Speaking moments ago to a large and animated crowd of union organizers and health reform advocates in a brewing house just North of the Capitol, Sen. Arlen Specter (D-PA)
said he supports a public insurance option.
"Schumer has it right about having a public component," Specter said.Sen. Chuck Schumer (D-NY)
has taken a lead role on negotiations over the public option in the Senate Finance Committee, and earlier this year proposed a compromise: the committee's health care bill should include a public plan, he said, but one that competes on a level playing field with other insurers. Such an entity wouldn't be able to use its sheer size to set prices the way Medicare does--but it could nonetheless incur savings in a host of other ways, and in so doing drive down the cost of health insurance in the private market.
Perhaps more importantly, though, the Schumer proposal is in line with the principles of the major reform campaign Health Care for America Now--and, as such, just about every major health care and labor organization in the country.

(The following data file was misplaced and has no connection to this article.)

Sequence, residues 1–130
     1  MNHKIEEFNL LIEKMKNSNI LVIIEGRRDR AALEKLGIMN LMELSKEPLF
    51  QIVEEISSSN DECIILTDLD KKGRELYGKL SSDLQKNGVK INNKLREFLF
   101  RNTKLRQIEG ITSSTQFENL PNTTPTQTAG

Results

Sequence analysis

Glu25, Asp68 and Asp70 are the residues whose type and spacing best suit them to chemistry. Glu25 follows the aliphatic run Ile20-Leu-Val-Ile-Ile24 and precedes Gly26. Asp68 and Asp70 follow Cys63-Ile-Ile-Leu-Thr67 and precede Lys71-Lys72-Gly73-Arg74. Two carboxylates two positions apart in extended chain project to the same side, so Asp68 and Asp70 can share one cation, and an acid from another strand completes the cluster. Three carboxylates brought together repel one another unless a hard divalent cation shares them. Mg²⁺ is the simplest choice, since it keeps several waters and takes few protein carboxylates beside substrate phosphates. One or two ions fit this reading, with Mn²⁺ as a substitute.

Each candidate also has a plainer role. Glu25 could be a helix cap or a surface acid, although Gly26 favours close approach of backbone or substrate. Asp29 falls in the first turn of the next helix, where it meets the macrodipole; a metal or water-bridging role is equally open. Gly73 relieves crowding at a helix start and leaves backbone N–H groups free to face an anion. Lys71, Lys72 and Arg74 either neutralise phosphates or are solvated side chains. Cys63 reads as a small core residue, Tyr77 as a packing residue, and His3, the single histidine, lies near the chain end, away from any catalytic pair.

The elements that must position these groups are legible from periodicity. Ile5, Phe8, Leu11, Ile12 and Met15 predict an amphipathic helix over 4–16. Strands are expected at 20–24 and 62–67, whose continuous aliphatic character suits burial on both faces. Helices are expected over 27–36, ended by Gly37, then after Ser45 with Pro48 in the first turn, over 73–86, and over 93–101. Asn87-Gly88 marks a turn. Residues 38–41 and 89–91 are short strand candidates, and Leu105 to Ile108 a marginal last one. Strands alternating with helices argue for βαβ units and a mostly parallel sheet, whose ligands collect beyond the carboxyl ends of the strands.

Before Specter switched parties this spring--and for a brief period afterward--he said he did not support the public option. But as a Democrat he's facing different pressures--notably from Rep. Joe Sestak (D-PA) who plans to challenge Specter in next year's primary--and he's begun tacking to the left as a result.
HCAN hosted today's event, which also included rallying, lobbying, and other town halls with members of Congress. The Pennsylvania forum--which also featured a Sestak appearance--was a standing-room only affair. Both the ground floor and the balcony levels of the Capitol City Brewing Company were filled seemingly beyond capacity, with many guests forced to sit on the staircase or stand in the nearby entryway to the National Postal Museum.
"Health care is a right," Specter said. "Your presence here has a big effect. You will get health care this year."